On June 2, Florida Governor Rick Scott signed 48 bills into law, including HB 7202, the “Community Planning Act,” a growth management measure that abates state oversight over local land use projects. In addition to placing the regulatory burden on local governments, the law also expedites the review process for state agencies such as the Department of Environmental Protection and diminishes their authority to comment on and object to development proposals. The legislation also eradicates concurrency requirements — provisions that mandate developers to ensure that adequate educational, transportation and recreation facilities are in place prior to project completion.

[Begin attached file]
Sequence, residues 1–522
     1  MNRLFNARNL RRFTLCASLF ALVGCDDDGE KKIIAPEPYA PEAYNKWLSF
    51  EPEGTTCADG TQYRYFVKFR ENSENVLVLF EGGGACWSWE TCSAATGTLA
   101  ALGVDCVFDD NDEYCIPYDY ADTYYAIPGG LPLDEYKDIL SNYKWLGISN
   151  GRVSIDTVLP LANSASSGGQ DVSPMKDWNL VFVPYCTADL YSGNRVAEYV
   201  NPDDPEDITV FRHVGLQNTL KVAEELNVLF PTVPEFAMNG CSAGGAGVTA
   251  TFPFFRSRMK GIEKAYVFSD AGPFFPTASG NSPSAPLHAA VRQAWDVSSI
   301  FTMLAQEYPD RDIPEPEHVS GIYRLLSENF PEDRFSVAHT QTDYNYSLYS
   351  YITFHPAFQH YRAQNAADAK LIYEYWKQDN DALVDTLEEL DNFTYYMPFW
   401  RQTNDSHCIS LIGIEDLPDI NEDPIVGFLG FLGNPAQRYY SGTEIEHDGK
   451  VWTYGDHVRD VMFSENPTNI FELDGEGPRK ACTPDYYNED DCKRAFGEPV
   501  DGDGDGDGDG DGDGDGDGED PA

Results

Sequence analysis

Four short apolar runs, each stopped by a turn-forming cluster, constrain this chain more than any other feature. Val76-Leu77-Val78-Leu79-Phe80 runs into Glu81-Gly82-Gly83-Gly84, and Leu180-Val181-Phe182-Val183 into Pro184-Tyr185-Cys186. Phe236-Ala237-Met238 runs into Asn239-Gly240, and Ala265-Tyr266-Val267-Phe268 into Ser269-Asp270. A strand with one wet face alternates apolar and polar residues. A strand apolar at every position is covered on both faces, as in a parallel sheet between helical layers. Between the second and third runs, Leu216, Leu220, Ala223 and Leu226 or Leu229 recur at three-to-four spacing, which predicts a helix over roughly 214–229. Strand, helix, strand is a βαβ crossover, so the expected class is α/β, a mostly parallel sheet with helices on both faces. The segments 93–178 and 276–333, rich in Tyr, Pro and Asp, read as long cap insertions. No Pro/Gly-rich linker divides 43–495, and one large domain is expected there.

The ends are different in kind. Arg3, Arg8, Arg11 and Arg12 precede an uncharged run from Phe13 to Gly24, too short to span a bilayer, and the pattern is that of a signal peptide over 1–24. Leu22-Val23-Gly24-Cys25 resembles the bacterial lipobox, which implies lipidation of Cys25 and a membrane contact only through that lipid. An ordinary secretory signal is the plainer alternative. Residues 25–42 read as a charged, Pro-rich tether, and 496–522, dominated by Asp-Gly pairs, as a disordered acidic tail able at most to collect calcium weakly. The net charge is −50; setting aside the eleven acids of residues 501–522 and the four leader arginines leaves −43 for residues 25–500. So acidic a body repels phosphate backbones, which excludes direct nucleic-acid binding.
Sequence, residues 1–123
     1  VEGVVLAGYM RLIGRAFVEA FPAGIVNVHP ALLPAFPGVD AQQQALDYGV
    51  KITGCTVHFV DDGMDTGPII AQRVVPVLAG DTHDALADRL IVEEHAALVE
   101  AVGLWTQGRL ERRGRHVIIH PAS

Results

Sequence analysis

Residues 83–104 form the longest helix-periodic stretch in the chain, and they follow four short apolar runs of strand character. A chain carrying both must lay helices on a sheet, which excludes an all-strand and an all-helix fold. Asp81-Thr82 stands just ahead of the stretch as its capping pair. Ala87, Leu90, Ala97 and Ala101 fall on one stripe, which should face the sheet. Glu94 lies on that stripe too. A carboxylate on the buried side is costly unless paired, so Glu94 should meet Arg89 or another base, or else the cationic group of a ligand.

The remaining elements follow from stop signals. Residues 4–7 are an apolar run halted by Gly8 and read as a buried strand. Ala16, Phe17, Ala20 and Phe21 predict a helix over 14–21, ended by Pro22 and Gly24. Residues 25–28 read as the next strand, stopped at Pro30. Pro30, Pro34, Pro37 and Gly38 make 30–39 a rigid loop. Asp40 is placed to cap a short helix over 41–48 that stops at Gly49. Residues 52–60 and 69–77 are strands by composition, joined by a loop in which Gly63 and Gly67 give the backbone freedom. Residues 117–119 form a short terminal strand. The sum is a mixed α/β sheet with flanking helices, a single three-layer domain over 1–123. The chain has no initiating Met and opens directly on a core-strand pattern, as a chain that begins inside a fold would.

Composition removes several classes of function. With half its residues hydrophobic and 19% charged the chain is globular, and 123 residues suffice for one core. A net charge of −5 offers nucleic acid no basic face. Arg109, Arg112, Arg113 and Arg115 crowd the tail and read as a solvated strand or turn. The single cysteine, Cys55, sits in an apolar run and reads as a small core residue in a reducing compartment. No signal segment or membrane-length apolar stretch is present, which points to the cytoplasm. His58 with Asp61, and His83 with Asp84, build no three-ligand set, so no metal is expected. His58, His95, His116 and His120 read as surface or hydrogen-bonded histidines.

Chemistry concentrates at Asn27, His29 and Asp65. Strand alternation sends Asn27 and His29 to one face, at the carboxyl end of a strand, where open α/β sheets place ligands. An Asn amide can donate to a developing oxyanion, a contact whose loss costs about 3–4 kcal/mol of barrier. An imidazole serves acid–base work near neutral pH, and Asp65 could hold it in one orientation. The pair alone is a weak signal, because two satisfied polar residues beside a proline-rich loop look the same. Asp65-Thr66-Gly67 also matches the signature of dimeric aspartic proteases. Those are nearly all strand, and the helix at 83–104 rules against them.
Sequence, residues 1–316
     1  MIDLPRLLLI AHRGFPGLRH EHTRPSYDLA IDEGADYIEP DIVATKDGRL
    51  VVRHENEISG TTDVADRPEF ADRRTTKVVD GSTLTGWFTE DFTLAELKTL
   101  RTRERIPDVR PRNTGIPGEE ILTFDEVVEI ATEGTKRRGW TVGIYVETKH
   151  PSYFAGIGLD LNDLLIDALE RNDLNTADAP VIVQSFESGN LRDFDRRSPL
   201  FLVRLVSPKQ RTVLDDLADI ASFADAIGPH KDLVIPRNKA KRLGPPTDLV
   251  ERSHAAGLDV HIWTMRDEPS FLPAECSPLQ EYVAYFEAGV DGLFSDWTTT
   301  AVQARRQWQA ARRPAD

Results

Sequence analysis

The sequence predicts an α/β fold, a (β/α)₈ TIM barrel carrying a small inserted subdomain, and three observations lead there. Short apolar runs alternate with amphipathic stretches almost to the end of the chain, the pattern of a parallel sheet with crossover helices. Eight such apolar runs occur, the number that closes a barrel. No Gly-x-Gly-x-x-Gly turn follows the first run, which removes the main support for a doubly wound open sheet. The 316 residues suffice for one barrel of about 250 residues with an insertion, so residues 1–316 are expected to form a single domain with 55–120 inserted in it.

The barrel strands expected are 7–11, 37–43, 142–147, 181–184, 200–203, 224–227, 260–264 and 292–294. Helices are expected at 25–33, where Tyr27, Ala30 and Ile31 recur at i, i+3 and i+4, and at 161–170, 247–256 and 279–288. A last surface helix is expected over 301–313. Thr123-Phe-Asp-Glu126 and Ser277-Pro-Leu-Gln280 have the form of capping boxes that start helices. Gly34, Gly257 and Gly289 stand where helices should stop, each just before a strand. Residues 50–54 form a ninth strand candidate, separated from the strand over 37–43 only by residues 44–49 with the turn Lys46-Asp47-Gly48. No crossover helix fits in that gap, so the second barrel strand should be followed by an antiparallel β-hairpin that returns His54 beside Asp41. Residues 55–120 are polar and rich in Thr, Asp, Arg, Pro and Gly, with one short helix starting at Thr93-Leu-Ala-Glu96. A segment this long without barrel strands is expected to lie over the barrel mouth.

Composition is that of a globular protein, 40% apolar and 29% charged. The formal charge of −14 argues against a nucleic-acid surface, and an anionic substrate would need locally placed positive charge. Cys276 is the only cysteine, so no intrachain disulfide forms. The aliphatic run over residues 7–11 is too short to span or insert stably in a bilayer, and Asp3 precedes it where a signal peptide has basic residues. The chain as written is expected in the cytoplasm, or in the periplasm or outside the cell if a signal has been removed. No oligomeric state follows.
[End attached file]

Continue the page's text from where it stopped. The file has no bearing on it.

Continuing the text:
Conservationists and environmental groups opposing the bill voiced concern that its passage would enable developers to fasttrack proposals through understaffed municipal agencies without the checks and balances afforded by state supervision. These concerns were magnified as a result of Scott’s simultaneous eradication of the state’s Department of Community Affairs, an agency formed in 1969 to prevent overdevelopment.
Supporters of the bill, which included the Associated Industries of Florida and the Florida Chamber of Commerce, countered that local governments are better equipped to evaluate the impact of development upon their communities and the elimination of bureaucracy at the state level will lead to the timely completion of more projects, and ultimately, the creation of more jobs.